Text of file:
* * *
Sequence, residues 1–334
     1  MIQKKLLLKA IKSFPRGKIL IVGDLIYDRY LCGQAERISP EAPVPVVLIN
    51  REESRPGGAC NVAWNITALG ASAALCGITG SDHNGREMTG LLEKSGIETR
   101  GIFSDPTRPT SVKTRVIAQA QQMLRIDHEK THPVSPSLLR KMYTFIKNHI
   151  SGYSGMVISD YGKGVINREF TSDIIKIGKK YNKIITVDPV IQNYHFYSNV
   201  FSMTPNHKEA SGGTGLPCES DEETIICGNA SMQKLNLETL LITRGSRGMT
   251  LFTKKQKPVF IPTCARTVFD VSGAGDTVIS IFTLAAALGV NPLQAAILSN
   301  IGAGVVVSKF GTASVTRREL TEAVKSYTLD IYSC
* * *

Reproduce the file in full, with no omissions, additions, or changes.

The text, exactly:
Sequence, residues 1–334
     1  MIQKKLLLKA IKSFPRGKIL IVGDLIYDRY LCGQAERISP EAPVPVVLIN
    51  REESRPGGAC NVAWNITALG ASAALCGITG SDHNGREMTG LLEKSGIETR
   101  GIFSDPTRPT SVKTRVIAQA QQMLRIDHEK THPVSPSLLR KMYTFIKNHI
   151  SGYSGMVISD YGKGVINREF TSDIIKIGKK YNKIITVDPV IQNYHFYSNV
   201  FSMTPNHKEA SGGTGLPCES DEETIICGNA SMQKLNLETL LITRGSRGMT
   251  LFTKKQKPVF IPTCARTVFD VSGAGDTVIS IFTLAAALGV NPLQAAILSN
   301  IGAGVVVSKF GTASVTRREL TEAVKSYTLD IYSC